About This Book
When life hands you lemons... make lemonade! This collection is full of inspiring true stories from others who did just that, and will help you make the best of any bad situation. You will find inspiration, encouragement, and guidance on turning what seemed like a negative into something positive in these 101 sweet stories of success!
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Inspired by Chicken Soup for the Soul: From Lemons to Lemonade by Jack Canfield, Mark Victor Hansen and Amy Newmark.
Everyone faces challenges, but some people do it with a positive attitude that transforms their lives. The role models in Chicken Soup for the Soul: From Lemons to Lemonade share practical tips that you can use to change your life and turn lemons into lemonade. These people figured out how to find the positive, no matter how bad their situations, and they share how they did it. Here are five ways that these positive people managed to weather their own tough times.
1. Don’t be afraid to ask for help. Cindy Charlton, a triple amputee due to flesh-eating disease, was having a rough morning. She fell and broke one of her prosthetic feet while shuttling items to her car for her son’s school party. But she was determined to make it to the party. Cindy crawled to her car and continued to do her morning errands, keeping her broken foot beside her on the seat to show to people when she asked for their help. A friend at school helped her son bring the bags in, a gas station attendant pumped her gas, and her prosthetic limb maker fixed her foot. She even got to the grocery store before returning to the party with time to spare. If she had given up and given in to negative thinking, Cindy says "I would have never been able to find the help I needed to get me back up on both (fake) feet."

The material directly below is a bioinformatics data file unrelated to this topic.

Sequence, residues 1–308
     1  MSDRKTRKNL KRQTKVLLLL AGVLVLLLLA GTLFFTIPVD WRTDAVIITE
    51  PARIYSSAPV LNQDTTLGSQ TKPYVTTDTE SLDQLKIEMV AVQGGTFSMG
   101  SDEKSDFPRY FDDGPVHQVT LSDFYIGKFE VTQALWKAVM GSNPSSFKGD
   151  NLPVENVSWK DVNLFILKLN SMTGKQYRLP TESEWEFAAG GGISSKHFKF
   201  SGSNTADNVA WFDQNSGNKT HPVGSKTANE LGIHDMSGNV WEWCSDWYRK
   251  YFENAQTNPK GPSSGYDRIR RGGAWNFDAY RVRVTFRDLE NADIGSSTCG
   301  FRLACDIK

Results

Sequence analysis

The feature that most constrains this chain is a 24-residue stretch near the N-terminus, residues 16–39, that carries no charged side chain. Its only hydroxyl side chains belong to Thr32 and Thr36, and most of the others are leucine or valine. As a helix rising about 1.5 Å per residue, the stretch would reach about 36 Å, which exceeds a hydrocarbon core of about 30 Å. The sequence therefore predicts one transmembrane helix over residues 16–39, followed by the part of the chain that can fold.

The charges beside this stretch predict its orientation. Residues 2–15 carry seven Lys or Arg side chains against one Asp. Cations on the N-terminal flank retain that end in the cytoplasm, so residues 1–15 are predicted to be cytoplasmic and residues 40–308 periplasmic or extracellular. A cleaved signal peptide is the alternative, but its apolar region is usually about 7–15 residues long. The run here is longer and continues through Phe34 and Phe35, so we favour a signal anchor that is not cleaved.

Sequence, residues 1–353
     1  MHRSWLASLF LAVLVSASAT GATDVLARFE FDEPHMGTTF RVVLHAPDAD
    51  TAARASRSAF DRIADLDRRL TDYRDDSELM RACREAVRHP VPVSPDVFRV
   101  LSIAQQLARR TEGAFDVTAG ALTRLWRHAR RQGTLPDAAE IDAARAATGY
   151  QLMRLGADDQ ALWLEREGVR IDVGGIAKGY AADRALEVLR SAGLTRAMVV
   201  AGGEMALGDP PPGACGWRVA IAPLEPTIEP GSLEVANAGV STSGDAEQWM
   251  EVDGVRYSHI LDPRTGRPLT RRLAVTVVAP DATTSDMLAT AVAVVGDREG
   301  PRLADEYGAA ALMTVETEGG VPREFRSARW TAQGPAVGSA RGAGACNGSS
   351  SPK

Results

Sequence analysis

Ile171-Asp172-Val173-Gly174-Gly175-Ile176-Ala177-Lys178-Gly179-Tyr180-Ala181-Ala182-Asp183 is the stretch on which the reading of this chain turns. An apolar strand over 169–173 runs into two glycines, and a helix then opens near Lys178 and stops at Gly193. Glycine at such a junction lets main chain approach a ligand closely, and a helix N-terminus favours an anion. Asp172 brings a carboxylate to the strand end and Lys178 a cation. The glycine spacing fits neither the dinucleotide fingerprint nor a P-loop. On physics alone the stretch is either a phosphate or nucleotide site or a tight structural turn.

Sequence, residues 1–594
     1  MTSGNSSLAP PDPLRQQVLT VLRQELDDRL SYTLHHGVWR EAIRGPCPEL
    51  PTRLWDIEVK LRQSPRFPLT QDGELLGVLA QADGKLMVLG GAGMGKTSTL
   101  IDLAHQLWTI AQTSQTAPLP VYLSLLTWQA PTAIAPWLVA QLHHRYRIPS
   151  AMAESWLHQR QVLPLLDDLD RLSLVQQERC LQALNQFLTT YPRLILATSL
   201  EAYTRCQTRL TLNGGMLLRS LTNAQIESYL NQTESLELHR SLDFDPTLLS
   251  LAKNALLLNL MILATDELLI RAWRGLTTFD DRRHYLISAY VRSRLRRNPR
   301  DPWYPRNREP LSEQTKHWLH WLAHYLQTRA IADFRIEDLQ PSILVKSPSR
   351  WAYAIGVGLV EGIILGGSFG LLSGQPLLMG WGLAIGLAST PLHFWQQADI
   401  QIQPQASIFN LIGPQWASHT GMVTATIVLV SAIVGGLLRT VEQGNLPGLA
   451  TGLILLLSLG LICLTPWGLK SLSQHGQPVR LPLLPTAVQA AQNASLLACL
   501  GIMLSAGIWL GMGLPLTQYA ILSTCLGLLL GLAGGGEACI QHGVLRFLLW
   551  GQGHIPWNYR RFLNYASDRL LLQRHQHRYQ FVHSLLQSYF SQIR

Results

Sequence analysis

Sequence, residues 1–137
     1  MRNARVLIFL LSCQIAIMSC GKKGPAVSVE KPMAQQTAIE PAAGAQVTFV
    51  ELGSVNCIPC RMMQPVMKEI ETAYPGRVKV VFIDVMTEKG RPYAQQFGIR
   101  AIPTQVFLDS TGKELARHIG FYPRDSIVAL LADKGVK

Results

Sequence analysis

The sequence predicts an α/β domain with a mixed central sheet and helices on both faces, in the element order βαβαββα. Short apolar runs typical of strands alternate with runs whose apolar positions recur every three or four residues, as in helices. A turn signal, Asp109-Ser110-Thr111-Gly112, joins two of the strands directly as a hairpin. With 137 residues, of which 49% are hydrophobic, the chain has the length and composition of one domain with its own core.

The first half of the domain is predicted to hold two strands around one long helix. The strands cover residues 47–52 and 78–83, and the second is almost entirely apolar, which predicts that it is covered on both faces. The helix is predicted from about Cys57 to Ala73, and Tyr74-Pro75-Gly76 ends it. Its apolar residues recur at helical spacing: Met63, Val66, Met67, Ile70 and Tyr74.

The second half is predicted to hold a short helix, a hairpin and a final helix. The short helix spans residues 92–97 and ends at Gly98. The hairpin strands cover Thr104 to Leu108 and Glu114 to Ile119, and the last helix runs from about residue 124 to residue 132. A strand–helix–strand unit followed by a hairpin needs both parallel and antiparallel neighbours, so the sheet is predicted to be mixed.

2. Count your blessings. A half-hour into Jo Eager’s favorite hike, she found herself in a life-threatening predicament. A rattlesnake bit her! The venom attacked her whole system, leaving her bruised, swollen and anemic. Her leg started to turn black and was temporarily paralyzed. But 15 days in the hospital and 28 vials of antivenin later, Jo pulled through and went home. After her brush with death, Jo realized life could change in a split second and focused more on the good in her life. "I practiced gratitude more than ever – for everyone and everything," she writes.
3. Make every moment count. Diagnosed with kidney cancer and given a year to live, Esther McNeil Griffin decided to take early retirement and do what she wanted. "If I had only a year," she writes. "I was going to make it count." She began by volunteering at the local zoo and editing her genealogy society’s newsletter. She even gave away many of her possessions. The year raced by and, still alive, Esther filled her time with everything she had procrastinated doing all her life. Twenty-five "last years" later, Esther has seen not only all ten grandchildren grow up, but even four great-grandchildren! "My ‘last year’ of life continues to delight me, after a quarter century of making sure that every moment counts," Esther writes.
4. Don’t take no for an answer. Twenty-three-year-old Alicia Bertine was not prepared for her diagnosis of pancreatic cancer. One of the hardest parts was losing her hair. Alicia modeled as a child, and dreamed of modeling again. When she lost her hair during her aggressive chemotherapy regimen, she believed that dream was gone. But then Alicia really looked at herself in the mirror and saw the same face. She went out proudly without a hat or wig, and never looked back. After a second round of chemo, Alicia decided to pursue modeling. "I realized that the thing I’d feared most, losing my hair, had actually resulted in making me unique and memorable," Alicia says. "I’ve never again let go of my dreams, and I spend every day trying to inspire others to do the same. Never let someone tell you what you can’t do." She is now a successful model – without her hair.
5. Redefine challenges as opportunities. Renee Beauregard Lute’s husband, Zach, lost his job when his whole company folded. It happened a week after they bought their first house, and two weeks before the birth of their daughter, Madeline. They were about to welcome their first child into a household with no income, and they discovered that Zach’s employer had failed to pay their health insurance premiums too, so they had no insurance to cover the bills for the baby’s birth. Renee and Lute didn’t know what they were going to do. But they took Madeline home and Zach was able to spend time with his daughter. After a month of job hunting and interviews, Zach found a new job. "While May and June of 2012 were the most terrifying months of our lives, Zach was able to spend an entire month with his new daughter," Renee writes. "And that time was precious."